Ahmed explains that supporters of the Muslim Brotherhood along with Islamist counterparts like Pakistan’s Jamat-i-Islami, set up Muslim Student Associations (MSA) on campuses across North America beginning in the 1960s. The organization created outreach events geared towards Muslims coming from immigrant groups, helping them to establish an Islamic identity in their new surroundings. The group also initiated social services and programs for poor and disadvantaged groups–an essential component of their activities in Egypt prior to asylum.
The Islamic Society of North America (ISNA) was formed in 1981 to meet the needs of the MSA’s graduating population and to reach out to a wider Muslim community. By 1994, “39 per cent of mosques in the United States described themselves as affiliated with ISNA, 19 per cent with W.D Mohammed, 5 per cent with Tabligh-i-Jamaat and 4 per cent with ICNA, while 24 per cent described themselves as unaffiliated,” Ahmed writes. Undoubtedly, the number of mosques affiliated with ISNA has increased in the past years
Although congregations may have forged paths different from the political foundations of ISNA in the 1960s, the Islamist foundations of the institution generally remain unchallenged and intact. Moreover, journalists and government officials in North America often refer to ISNA as a source of information on Islam in North America. In the absence of an alternative Muslim voice organized in such an efficient manner, today, ISNA has become the normative expression of Sunni- Islam practiced in North America.
Because of this, the status of the Muslim Brotherhood in North America remains fundamentally different from its marginalized status in Egypt. And in face of the return of military repression in Egypt, members of left and liberal opposition groups–along with younger members of the Muslim Brotherhood, have urged the party to pursue a new direction of inclusivity distinct from its bitter past.
Many others have urged the party to develop a consistent position on the use of violence. Unlike Salafist political groups in the Middle East, in the post- Nasser period the Muslim Brotherhood had generally adopted a gradualist approach to the implementation of shariah in Islamic societies, shunning the use of violence to a large degree. However, the party’s escalating turn towards violence following the deposal of President Morsi has become a cause of concern. Reports of militant Islamist flags of groups affiliated with Al-Qaeda being waved during the protests were a source of concern. Shortly after the military’s bloody crackdown, it has been reported that supporters of the Muslim Brotherhood burned down four churches and attacked 13 others. Forty-three policemen were killed, more than 140 wounded, and 21 police stations attacked.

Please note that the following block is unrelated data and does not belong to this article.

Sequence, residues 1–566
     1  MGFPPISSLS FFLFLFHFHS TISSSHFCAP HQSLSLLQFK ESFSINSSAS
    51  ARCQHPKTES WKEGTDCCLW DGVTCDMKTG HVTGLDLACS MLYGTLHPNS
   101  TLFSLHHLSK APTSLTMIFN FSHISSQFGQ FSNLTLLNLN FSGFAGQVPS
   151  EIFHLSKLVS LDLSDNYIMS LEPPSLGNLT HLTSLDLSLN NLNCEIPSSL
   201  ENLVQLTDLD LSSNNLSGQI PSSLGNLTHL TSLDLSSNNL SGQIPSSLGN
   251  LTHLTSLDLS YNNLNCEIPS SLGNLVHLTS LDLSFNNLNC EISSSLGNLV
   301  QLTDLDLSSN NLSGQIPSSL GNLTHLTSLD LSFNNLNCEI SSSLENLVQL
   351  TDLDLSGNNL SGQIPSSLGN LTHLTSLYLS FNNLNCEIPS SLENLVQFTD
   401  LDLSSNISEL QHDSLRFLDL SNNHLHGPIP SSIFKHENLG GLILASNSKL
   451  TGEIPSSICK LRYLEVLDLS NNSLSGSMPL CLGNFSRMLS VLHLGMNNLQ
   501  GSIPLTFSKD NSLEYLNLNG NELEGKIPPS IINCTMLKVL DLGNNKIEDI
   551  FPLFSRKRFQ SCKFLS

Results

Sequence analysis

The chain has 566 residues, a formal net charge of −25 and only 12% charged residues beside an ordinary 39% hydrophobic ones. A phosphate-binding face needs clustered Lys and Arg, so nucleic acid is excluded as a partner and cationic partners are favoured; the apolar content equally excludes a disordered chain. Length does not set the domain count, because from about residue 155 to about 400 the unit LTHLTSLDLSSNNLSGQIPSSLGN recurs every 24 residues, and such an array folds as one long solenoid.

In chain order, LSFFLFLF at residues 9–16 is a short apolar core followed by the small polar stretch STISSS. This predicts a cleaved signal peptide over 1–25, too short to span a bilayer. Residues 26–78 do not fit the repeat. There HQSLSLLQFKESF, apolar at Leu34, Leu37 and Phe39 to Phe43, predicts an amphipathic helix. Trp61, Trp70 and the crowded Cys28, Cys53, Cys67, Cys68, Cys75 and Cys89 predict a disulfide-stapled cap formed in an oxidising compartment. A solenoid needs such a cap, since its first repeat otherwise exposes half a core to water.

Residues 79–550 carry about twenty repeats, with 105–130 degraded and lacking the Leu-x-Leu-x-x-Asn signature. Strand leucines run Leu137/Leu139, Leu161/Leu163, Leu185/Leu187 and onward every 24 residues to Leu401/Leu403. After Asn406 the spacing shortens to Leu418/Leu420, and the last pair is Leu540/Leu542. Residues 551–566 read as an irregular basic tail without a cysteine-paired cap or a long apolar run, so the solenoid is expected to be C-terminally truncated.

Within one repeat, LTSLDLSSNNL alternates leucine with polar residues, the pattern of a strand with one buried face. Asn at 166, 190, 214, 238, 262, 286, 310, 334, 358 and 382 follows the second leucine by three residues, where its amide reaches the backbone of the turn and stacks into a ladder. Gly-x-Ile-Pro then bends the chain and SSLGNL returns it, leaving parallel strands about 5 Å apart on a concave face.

In a statement entitled; “Non-peaceful Assembly Does Not Justify Collective Punishment,” signatories from various Egyptian human rights groups condemned the military’s killings of people at the sit-ins, but were clear about the condemnation of the Muslim Brotherhood’s use of violence and sectarian targeting of Egypt’s Christian minority.
As a new tide of intra-Muslim conflict continues to fester populations in Syria, Egypt, and Pakistan, there is perhaps no better time for the Muslim Brotherhood to think of directing its efforts towards more inclusivity and civic engagement. In the absence of an opposition to Islamism currently dividing the Middle East, how the Muslim Brotherhood’s affiliated organizations will continue to function in North America will depend largely on how people respond to a history of their engagement with the party, the authority it has in their lives, and how the party will position itself in a potential second coming.
Sana Hasmi is a Toronto-based writer.